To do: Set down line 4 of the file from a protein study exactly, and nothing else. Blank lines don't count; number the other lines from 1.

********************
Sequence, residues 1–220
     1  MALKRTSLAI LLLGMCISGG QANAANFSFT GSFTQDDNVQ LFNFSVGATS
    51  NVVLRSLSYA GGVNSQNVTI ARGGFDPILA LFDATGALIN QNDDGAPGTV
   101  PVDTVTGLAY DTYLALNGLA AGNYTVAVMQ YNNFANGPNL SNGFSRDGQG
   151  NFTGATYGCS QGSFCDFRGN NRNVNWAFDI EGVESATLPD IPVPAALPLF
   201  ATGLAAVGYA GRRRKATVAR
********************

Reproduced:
   101  PVDTVTGLAY DTYLALNGLA AGNYTVAVMQ YNNFANGPNL SNGFSRDGQG